Sunday, July 25, 2010

Less is More

Here is a recipe for those days when all you have the energy for is to boil some pasta and have it with some canned sauce. This is almost as easy as opening a can of sauce, and tastes much better.

I've been meaning to try this sauce for a few months now. I guess the delay was largely attached to my wariness of just how unbelievably good this sauce with only four ingredients (and that's including salt!) was. I just didn't get it. Plus there's nothing else in it. Just sauce. I tend to like my pasta sauces
with lots of onion, veggies and ground beef. So I had to be in a particular type of mood to make this one.

I don't know if I'd say this was the best tomato sauce I've ever had. But I will say that this is probably the only tomato sauce I'd be tempted to eat straight up with a spoon. It's so simple, but feels quite luxurious and (to quote Laura) is weirdly addictive. If I didn't make it myself I'd say there was crack in it. The added butter and simmered onion makes the sauce really rich and smooth and for two ingredients, adds a great deal of flavour.

The one problem here is that I'm not sure exactly what the right pasta for this sauce is. We had it with some homemade tri-coloured pasta from the market, which was good but I felt a bit like the pasta and sauce were fighting for my attention. "Eat me, taste me! I'm delicious!" Well, yes it's true that both were delicious, but I think next time I might go for a simple white shell or fusilli noodle that is going to more or less act as a vehicle to get more sauce into my mouth. Yum.

Buttery Tomato Sauce

adapted from from Marcela Hazan's Essentials of Italian Cooking, via SmittenKitchen

28 oz can of whole peeled tomatoes (San Marzano if you have them)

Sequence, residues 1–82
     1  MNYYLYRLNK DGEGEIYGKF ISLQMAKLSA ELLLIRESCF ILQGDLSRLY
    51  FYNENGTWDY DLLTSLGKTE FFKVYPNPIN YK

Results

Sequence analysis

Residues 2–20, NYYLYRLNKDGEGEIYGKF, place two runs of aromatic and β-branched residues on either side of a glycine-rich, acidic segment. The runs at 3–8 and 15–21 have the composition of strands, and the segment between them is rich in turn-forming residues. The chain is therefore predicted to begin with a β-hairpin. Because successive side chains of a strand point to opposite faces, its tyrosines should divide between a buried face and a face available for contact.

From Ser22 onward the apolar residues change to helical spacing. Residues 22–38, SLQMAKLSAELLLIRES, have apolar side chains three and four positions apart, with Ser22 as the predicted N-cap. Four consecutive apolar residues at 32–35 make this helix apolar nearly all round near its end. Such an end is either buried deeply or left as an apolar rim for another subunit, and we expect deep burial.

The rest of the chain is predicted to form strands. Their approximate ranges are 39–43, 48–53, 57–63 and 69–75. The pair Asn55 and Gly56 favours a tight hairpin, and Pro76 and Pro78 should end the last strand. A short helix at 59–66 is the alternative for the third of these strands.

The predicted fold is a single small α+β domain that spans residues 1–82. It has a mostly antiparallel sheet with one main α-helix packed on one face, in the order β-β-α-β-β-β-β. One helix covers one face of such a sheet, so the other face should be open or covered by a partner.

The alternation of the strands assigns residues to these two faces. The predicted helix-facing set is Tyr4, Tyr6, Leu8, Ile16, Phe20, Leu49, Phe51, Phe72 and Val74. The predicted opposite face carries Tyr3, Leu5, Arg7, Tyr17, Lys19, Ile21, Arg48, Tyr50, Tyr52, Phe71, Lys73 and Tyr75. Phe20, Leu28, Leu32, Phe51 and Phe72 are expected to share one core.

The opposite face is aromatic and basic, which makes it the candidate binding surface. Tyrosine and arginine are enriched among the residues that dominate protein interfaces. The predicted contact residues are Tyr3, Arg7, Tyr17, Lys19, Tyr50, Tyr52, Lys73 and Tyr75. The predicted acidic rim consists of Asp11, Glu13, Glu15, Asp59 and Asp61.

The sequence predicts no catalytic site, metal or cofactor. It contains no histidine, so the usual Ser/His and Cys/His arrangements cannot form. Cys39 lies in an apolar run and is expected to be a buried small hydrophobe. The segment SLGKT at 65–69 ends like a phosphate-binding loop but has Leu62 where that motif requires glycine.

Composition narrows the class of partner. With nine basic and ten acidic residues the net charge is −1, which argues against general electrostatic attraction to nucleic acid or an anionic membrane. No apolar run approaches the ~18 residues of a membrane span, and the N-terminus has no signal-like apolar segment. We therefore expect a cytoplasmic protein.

5 tbsp (70 grams) unsalted butter
1 medium-sized yellow onion, peeled and halved
Salt to taste

1. Put the tomatoes, onion and butter in a heavy saucepan (I used my dutch oven as I don't have a saucepan) over medium heat.

2. Bring the sauce to a simmer then lower the heat to keep the sauce at a slow, steady simmer for about 45 minutes, or until droplets of fat float free of the tomatoes*. Stir occasionally, crushing the tomatoes against the side of the pot with a wooden spoon.

3. Remove from heat, discard the onion, add salt to taste and keep warm while you prepare your pasta.

Serve with pasta, with or without grated parmesan for topping.

*Some of the comments I read on this recipe said that you needed to cook a little longer (maybe an additional 20 minutes) at a higher heat to really get some more flavour in the sauce. I thought it still tasted a little bland after 45 minutes, but I was going to play squash so I turned off the heat and let the sauce sit with the onions for about an hour. Then when I got back I reheated to a simmer and then removed the onions. It made a huge difference in the flavour. might want to simmer for closer to an hour.

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